FORT WAYNE, Ind. (WPTA21) - Paramedics are on the streets, responding when you need them the most. Until there appears to be not enough, and they’re stretched thin trying to save people’s lives.
Former paramedic for Three Rivers Ambulance Authority and the former I.A.E.P. Local 525 union president resigned last week and now he’s speaking out about the paramedic shortage.
Ian Case worked as a paramedic with TRAA for more than 20 years, but in late September he resigned.
He says he took on the role as union president a few years ago when he saw a need to fight for better wages and better working conditions.
“We impact lives, we hold the hands of those that are scared and hurt,” Case said. “We greet new life, and we mourn the passing of those that are in our charge that don’t make it.”
Case explains what it’s like working as a paramedic right now and says his former coworkers should be treated as heroes.
“Wages haven’t kept up with demand and the demands of the job have made it less appealing and left us with a shortage of paramedics,” Case said.
He says paramedics are leaving our system in Fort Wayne because there’s a shortage causing them to be underpaid and overworked.
“There’s no shortages of people getting sick, there’s no shortages of people getting hurt,” Case said. “It’s trying. It’s physically demanding.”
Case says there’s no time for them to rest or process traumatic events they witness. He says they need to have 38 paramedics to be a full staff, but right now they’re working with less than 20.
“We’ve had ambulances shot up, one of our medics was shot years ago at Piere's. Medics are assaulted on the scene. We don’t hear about that.” Case said. “We don’t hear about the struggles of dealing with traumatic events.”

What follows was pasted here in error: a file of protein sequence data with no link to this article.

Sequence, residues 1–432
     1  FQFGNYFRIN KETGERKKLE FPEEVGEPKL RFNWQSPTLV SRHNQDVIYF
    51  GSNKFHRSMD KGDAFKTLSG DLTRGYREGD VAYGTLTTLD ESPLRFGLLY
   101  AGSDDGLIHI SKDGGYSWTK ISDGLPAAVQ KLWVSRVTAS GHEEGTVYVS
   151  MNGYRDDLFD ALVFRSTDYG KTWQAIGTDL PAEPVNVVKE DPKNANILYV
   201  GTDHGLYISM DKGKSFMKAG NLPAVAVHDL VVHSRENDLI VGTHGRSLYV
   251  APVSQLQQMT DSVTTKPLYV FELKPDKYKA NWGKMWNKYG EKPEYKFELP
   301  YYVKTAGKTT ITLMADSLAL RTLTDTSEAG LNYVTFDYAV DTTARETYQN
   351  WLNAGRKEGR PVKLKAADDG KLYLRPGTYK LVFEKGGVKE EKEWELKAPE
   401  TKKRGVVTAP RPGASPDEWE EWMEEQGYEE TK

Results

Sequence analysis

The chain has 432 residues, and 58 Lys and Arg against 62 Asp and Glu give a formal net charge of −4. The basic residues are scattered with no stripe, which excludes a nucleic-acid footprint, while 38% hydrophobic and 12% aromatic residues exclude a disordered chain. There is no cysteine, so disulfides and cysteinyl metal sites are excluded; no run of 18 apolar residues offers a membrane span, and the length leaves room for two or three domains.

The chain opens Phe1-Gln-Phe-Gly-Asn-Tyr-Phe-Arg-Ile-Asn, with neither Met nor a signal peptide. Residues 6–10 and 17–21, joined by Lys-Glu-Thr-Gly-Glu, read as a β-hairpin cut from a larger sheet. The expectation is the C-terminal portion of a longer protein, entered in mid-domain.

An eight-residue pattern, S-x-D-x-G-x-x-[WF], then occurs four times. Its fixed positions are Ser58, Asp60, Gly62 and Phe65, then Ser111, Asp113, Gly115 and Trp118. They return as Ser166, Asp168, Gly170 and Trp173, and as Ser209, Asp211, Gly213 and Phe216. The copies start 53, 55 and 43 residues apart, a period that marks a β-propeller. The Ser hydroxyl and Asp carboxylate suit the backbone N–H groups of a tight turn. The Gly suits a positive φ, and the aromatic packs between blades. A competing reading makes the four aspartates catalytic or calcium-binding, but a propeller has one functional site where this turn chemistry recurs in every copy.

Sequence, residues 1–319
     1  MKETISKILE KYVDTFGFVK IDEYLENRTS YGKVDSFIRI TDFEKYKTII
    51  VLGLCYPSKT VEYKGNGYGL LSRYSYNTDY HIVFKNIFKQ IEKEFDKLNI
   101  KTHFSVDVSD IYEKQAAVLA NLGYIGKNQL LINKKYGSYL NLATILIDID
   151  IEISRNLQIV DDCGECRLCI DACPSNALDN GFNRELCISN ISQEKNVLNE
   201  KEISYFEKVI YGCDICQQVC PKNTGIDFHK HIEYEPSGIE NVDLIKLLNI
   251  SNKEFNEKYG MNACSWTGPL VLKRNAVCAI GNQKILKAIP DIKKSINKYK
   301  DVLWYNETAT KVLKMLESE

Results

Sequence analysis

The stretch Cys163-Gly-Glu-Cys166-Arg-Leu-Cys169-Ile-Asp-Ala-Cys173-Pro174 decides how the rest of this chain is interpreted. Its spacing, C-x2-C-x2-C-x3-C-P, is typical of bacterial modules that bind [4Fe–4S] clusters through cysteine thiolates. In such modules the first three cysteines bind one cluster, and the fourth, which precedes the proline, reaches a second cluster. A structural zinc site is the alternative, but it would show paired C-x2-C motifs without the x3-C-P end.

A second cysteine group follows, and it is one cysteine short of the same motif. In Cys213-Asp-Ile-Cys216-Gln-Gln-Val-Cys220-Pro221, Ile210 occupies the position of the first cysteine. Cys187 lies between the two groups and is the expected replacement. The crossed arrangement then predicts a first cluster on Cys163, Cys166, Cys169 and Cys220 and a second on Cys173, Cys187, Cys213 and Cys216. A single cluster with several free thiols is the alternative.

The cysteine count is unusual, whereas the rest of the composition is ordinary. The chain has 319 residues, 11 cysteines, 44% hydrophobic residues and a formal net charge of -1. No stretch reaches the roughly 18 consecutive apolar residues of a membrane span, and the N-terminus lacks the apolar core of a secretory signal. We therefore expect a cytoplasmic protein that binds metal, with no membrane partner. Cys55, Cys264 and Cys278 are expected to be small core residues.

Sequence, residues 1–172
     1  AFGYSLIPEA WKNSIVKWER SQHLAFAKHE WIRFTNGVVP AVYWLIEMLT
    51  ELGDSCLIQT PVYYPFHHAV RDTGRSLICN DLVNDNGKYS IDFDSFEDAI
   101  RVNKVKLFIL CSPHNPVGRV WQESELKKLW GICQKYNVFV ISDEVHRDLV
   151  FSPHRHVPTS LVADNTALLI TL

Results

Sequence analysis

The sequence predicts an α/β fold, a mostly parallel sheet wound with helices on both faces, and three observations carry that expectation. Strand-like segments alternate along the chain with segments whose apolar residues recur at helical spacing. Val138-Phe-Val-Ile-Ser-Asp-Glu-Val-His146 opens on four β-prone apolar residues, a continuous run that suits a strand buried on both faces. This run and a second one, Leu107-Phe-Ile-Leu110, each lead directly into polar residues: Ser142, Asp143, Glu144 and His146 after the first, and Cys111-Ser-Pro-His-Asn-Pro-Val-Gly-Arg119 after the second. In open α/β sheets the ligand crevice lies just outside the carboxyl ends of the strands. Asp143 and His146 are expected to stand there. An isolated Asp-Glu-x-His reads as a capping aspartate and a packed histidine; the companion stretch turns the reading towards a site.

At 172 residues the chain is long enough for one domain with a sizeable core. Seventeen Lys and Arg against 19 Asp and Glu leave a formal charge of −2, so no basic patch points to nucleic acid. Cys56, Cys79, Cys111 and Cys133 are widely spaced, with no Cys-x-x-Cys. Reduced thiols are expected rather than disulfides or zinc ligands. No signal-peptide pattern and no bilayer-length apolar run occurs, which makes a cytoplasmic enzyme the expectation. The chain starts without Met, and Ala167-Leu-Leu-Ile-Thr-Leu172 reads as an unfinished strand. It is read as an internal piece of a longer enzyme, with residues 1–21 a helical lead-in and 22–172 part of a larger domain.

He says those paramedics are being forced to work mandatory overtime; they don’t get time to rest, and they barely make a livable wage.
“Our paramedics are working two or three jobs just to make what a rookie fireman or patrol man makes.”
According to public records, in the last year TRAA ambulances couldn’t respond to calls 813 times. That’s considered a ‘TRAA Level Zero’ and they have to call for assistance from communities outside of Fort Wayne.
Paramedics with places like Hoagland, New Haven and Huntington are responding to calls in the city and it often delays the time it takes for people to get emergency help.
“Minutes can dictate whether you live or die,” Case said.
Case says 20 minutes is one of the longest calls he’s taken in the city.
He says some days there’s only four to five TRAA ambulances responding for the entire city, when they should have 19 ambulances for a 24-hour period.
“It's frustrating. You’re busy on another calling and knowing someone is in need and not being able to be there is a big source of frustrations,” Case said. “We wish we could, but we are stretched thin.”
He says something needs to change for the sake of the paramedics and for the people who need emergency help.
“I'm just hoping that this doesn’t get swept under the rug. EMS is usually in the background. We stay away from the public eye but we can’t do that anymore,” Case said. “This needs to be an issue that’s front and center until it’s resolved and that could be quit sometime.”
So, what is it going to take to keep people in Fort Wayne and Allen County safe?
Case says it’s time our EMS system is treated as a priority of our public safety system.
He says a city can’t function without paramedics and they are no less important than our police officers or fire fighters.
“Hold the system accountable. Make demands for better results,” he said.
Case says paramedics aren’t going to be able to do that important work anymore if they don’t get the treatment they deserve.